Wednesday, September 30, 2009

All Hail the Kale

If I were stranded on a desert island with one choice of nourishment to sustain me, it would be kale. Okay, so it would really be chocolate peanut butter swirl ice cream, but if I were perfect, it would be kale. Why? I'll let the nutrients speak for themselves. Just take a look at the chart. Is there any other food that comes close to being that nutrient-packed?
Chart from the George Mateljan Foundation for The World's Healthiest Foods

These nutritional benefits translate to cancer protection, rheumatoid arthritis protection, cataract protection, cell detoxification, lung health, and vision health among many other perks.

And the good news- contrary to popular belief- is that it's not as revoltingly bitter as you'd think. The trick is to steam it. A weekly salad at our house consists of steamed kale and avocado drizzled with olive oil and lemon juice and sprinkled with sea salt and a dash of cayenne. It's awesome.

I recently made the kale salad in the picture with red onions (soaked in apple cider vinegar for a less pungent flavor), figs, peaches and oranges. The fruit gives a nice sweet contrast to the kale and onions and a balsamic vinaigrette was just the right dressing to complete it.
Besides using kale in salad, I often jazz up pasta sauce with it, throw it in soups or use it as a lettuce substitute in things like tacos, but perhaps the best way to enjoy it and trick your kids into eating it is by making kale chips.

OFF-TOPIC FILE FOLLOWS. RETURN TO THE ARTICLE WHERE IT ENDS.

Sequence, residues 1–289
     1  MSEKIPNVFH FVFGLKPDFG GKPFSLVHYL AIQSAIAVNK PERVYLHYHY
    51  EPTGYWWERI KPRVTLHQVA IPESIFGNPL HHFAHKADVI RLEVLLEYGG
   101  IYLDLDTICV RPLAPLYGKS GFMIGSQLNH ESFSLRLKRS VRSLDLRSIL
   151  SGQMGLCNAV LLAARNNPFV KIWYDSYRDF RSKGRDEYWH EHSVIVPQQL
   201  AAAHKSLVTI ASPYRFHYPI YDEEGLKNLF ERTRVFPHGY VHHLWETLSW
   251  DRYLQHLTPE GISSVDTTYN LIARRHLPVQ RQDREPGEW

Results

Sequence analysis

Kale Chips: Cut kale off stems and chop into bite-size pieces. Baste with olive oil and sprinkle with sea salt and cayenne if you like a kick. Bake on a parchment lined cookie sheet at 350 degrees for 10-15 minutes or until the edges are brown. You can eat the whole "bag" of these guilt-free. Imagine that!

Next time you're in the produce section at the grocery store, don't be afraid to hail the kale and serve it as lunch.

Tuesday, September 29, 2009

Energy Bars

Last year, after becoming fed up with "high fructose corn syrup" and preservatives- galore granola bars, I decided to hit up the faithful Food Network website and learn to make my own.  I found a great recipe by Ellie Krieger, but have learned to adapt it to using the ingredients I have on hand.  The basic concept is nuts, seeds, dried fruit, oats, flour, egg, and a fluid sweetener/sticky agent.  You can chop the nuts and then combine everything together for chunky bars or throw everything in the food processor for smooth bars and then spread onto a greased baking sheet and bake at 350 degrees for 20 minutes.  These scrumptious bars had: